When I found out about likealittle.com last week (Biola has its own site), I wasn’t the least bit surprised that it was the Next Big Social Media Thing to hit college campuses. The site, self-described as “a flirting-facilitator platform (or FFP, for advanced users)” basically allows college students to kill time in class by posting flirtatious notes to the person they’ve got their eye on across the room.
Billed as a “dangerously exciting” anonymous flirting experience” (notice the bolded anonymous), likealittle is all about objectifying the object of your affection: “Female, Brunette. You are probably the most beautiful girl on this campus. Your hair is like auburn silk, and your eyes are literally breathtaking—fathomless, ever-moving, always-sparkling pools of green and brown.”
Perhaps after being inspired by The Social Network‘s portrayal of Mark Zuckerberg’s entrepreneurial jackpot, likealittle was founded on October 25 by Standford University students Evan Reas, Prasanna Sankaranarayanan and Shubham Mittal. That was just about 6 weeks ago. Now likealittle is on more than 50 campuses, growing exponentially. It’s as if Reas & Co. watched The Social Network and decided, “hey we can do this!” And they’re in Palo Alto, hiring interns as they expand rapidly. I wonder if the guy from Napster is involved?
Though it remains to be seen whether likealittle will be more than a flavor-of-the-week fad, its popularity certainly underscores some of the broader social trends happening among “Generation Y” (or whatever the generation in college is called). Namely: The increasing preference to mediate relationships (even the very initial stage of relationships, such as flirting) via technology and avoid the difficulties and awkwardness of face-to-face communication wherever possible.
Naturally, if there is technology that makes the awkward things in life less awkward, we seize upon it. Who wants to nervously stumble over their words when making small talk with a girl they like when a cleverly crafted likealittle message will do? It’s the same reason why Gen Y communicates almost exclusively by texting on their phones rather than talking. Texting is more controlled. More efficient. Easier. It’s the same reason why updating scores of friends and family about your life in one fell swoop on Facebook is preferable to the laborious process of calling each of them or writing an email or letter to them.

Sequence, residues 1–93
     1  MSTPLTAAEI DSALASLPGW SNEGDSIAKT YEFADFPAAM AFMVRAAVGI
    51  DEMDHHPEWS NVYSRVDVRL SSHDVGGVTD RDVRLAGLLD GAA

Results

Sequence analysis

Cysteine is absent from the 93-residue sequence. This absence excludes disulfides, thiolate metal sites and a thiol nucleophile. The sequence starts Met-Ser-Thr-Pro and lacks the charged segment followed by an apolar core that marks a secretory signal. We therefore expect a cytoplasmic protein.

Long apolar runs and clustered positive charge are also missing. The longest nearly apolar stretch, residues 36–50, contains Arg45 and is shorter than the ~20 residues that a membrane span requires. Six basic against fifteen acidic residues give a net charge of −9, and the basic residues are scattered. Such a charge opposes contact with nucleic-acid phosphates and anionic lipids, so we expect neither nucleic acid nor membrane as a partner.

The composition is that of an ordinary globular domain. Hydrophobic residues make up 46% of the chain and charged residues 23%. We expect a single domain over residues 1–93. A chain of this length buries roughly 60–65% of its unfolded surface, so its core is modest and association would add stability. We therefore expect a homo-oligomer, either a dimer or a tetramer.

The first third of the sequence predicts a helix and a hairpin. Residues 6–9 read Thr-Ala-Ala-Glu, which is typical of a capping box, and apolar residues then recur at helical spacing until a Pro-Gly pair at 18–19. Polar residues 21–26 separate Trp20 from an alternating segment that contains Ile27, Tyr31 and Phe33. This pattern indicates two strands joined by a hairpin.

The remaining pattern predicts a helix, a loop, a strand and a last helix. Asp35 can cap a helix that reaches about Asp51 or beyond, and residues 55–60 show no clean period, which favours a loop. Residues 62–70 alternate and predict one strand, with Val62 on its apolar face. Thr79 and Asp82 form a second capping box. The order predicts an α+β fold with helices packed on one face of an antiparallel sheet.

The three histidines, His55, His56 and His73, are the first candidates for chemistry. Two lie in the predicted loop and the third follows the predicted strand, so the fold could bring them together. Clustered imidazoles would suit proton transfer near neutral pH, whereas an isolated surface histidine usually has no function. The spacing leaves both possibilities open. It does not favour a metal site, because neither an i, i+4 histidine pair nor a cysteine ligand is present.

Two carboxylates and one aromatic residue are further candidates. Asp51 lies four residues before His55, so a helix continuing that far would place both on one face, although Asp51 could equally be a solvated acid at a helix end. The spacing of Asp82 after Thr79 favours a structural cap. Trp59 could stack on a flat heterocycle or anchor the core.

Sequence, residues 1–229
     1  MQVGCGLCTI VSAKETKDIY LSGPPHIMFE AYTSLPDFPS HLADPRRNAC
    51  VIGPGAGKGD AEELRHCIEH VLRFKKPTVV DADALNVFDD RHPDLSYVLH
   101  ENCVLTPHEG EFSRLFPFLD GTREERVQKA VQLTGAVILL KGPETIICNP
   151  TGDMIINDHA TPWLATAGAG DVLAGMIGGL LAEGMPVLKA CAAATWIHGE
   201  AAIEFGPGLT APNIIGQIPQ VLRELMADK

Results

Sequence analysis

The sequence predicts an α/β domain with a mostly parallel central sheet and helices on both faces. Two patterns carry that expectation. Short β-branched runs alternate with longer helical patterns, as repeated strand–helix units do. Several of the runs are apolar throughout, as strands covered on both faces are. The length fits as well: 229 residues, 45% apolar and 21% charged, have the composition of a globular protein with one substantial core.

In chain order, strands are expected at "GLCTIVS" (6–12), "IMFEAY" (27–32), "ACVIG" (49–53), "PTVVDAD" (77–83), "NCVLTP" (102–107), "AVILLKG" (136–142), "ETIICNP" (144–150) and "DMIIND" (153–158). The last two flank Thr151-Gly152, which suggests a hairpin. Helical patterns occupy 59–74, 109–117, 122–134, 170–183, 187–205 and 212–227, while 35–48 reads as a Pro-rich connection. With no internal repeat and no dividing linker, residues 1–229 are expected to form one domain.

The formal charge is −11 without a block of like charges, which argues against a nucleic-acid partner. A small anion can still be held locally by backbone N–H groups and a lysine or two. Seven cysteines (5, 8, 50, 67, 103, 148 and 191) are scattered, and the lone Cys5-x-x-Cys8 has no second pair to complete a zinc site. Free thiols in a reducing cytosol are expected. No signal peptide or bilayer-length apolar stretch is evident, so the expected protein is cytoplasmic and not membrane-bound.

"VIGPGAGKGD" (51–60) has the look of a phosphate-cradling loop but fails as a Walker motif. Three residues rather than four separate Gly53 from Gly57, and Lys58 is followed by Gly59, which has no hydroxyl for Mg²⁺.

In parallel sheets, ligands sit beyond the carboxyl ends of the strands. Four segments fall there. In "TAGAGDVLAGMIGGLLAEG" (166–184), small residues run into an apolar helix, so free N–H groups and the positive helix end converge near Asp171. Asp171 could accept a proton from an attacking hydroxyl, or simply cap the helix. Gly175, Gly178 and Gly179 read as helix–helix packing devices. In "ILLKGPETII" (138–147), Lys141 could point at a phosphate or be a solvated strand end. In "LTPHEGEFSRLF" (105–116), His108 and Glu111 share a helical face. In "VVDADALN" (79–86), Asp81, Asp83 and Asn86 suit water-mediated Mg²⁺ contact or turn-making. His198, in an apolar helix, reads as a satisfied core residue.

Technology’s dominant raison d’etre has always been about efficiency. Making something easier, quicker, less painful. Think medicine, automobiles, assembly line, central heating. Communication technologies are similarly in the business of making the difficulties of communication easier. But there are always unintended consequences. Likealittle makes flirting easier, but it also makes it anonymous, objectifying and addictive (“dangerously” so). And, as with its various forbears, likealittle thrives because it creates a safe, low-pressure, “just me and my computer/phone” environment where it’s easy to say whatever we want. It removes those pesky filters (in person tact, nervous self-restraint) that sometimes keep us from saying the things that pop into our heads. As with texting and other “nonverbal signals be damned!” modes of fast-paced, send-before-you-think-too-much-about-it communication, likealittle feeds the culture’s ever worsening addictions to communication as diversion/commodity and narcissistic self validation.
Add likealittle to the long list (Twitter, Facebook, etc) of places college students now will want to check up hourly to see what people are saying about them, who is responding to their posts, etc. Add it to the list of things that make me fear for the future of unmediated, brick-and-mortar relational existence.